Bond prices hit 11-week high, rupee ends at 73.44 a dollar
At closing, the 10-year gilt yield stood at 7.811% -- a level last seen on 10 August, from its Friday’s close of 7.876%; rupee ended at 73.44 a dollar, up 0.03%
Mumbai: The yield of the 10-year government bonds on Monday fell nearly seven basis points to hit a near 11-week low after the Reserve Bank of India announced open market operation purchases in November.
At closing, the 10-year gilt yield stood at 7.811% -- a level last seen on 10 August, from its Friday’s close of 7.876%. Bond yields and prices move in opposite directions. Meanwhile, the rupee ended at 73.44 a dollar, up 0.03% from its Friday’s close of 73.47. The currency opened at 73.30 a dollar.
“Indian bonds continue to get a hand from RBI’s front-loaded liquidity support, which will help soften yields further, compensating for a drain due to FX intervention and festive driven spurt in currency in circulation. Even as domestic fiscal worries linger, November’s borrowings will be modest (net issuance minus OMOs). In this environment, credit spreads are also likely to ease providing a window for borrowings to return,” said Radhika Rao, economist at DBS Bank.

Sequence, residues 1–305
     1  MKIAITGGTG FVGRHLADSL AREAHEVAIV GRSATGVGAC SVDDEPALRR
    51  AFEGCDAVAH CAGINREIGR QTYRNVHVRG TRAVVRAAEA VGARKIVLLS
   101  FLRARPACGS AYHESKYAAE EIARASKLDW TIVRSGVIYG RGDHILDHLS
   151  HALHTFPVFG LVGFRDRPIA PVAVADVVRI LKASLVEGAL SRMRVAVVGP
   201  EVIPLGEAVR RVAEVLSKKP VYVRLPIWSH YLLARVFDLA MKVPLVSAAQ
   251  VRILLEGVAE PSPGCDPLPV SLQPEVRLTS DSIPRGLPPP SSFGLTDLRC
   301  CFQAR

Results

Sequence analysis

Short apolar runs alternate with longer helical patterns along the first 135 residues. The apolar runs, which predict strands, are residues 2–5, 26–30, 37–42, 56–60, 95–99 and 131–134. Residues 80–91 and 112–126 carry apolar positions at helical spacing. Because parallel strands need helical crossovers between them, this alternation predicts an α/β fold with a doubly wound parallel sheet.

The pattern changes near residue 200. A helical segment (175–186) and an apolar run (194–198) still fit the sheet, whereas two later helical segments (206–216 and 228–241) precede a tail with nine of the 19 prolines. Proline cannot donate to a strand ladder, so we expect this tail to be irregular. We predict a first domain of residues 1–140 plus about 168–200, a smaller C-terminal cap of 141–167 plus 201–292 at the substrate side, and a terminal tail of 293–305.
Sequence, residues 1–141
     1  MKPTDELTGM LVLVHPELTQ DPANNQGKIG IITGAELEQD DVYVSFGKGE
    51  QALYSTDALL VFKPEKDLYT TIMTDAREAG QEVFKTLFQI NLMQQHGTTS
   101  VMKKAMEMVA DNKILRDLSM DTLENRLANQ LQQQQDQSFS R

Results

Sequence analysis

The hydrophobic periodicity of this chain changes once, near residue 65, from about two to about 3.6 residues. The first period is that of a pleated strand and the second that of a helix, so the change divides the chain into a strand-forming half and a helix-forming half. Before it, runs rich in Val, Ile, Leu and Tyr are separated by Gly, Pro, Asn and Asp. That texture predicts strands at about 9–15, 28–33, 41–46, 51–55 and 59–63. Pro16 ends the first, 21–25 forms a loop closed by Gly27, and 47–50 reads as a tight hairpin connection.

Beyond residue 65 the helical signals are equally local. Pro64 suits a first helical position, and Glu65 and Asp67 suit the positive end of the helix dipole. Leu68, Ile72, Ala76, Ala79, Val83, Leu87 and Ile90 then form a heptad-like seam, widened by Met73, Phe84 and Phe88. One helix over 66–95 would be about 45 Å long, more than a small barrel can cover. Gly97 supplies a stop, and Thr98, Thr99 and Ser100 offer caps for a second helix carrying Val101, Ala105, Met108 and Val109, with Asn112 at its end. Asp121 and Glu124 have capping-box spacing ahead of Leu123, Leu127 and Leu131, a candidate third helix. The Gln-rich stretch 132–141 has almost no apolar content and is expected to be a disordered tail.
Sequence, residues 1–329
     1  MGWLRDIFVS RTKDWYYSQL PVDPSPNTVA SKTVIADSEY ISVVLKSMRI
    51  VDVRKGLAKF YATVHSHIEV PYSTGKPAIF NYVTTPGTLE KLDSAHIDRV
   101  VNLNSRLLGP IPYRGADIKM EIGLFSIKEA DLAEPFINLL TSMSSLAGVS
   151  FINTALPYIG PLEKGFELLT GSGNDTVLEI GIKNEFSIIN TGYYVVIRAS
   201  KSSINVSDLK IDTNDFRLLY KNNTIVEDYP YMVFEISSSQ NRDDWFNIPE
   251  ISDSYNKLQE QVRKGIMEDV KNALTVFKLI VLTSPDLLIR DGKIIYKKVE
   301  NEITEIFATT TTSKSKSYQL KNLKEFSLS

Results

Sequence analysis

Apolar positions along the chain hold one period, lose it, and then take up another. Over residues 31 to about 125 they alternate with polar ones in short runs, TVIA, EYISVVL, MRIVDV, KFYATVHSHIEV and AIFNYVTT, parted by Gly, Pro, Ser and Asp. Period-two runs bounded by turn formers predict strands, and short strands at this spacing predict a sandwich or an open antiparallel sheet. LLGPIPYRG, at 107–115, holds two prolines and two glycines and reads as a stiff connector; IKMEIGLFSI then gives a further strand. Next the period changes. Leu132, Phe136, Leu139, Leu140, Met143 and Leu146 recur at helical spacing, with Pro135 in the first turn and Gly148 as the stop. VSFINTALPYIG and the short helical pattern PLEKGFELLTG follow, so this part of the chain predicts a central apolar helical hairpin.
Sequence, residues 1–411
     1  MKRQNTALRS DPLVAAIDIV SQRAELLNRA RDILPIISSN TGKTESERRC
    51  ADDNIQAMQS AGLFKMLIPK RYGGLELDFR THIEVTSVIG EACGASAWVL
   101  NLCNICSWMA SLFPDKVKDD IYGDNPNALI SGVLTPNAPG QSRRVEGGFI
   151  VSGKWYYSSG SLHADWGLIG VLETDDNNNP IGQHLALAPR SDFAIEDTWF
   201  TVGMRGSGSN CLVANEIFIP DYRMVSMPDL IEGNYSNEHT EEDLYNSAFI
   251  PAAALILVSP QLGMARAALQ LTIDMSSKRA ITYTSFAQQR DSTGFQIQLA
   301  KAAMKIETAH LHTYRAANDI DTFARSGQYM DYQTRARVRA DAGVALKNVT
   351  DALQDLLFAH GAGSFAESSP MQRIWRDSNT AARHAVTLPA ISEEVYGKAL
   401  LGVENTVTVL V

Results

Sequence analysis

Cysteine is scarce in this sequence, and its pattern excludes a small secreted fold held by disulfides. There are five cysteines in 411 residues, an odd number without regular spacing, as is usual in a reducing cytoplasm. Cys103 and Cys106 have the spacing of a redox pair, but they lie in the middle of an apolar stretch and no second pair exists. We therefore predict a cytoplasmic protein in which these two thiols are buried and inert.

“Global factors are conducive as equities sell-off softens US yields, oil prices are off highs and rupee stabilises, allowing Indian 10Y government yields to stay below 8% this week,” Rao added.
On Friday, RBI said that Based on an assessment of the durable liquidity needs going forward, RBI has decided to conduct purchase of government securities under Open Market Operations (OMOs) for an aggregate amount of ₹40,000 crore in the month of November 2018. For October, RBI bought government bonds worth around ₹36,000 crore via OMOs.
“The auction dates and the Government securities to be purchased in the respective auctions would be communicated in due course. The OMO amount stated above is indicative and RBI retains the flexibility to change it, depending on the evolving liquidity and market conditions”, RBI report added.
Vivek Rajpal, strategist at Nomura, expects OMO buybacks will become frequent and regular in response to liquidity deficit conditions. Currency in circulation outflows and FX intervention are two factors which is putting pressure and interbank liquidity and RBI’s OMO buyback is in response to that, added Rajpal. He expects ₹1.5 trillion of OMO buybacks in the second half of the fiscal year 2019.
Benchmark Sensex Index rose 2.15% to 34067.40 points. Year to date it rose 0.03%
So far this year, the rupee has declined 12.5%, while foreign investors have sold $5.06 billion and $8.56 billion in the equity and debt markets, respectively.
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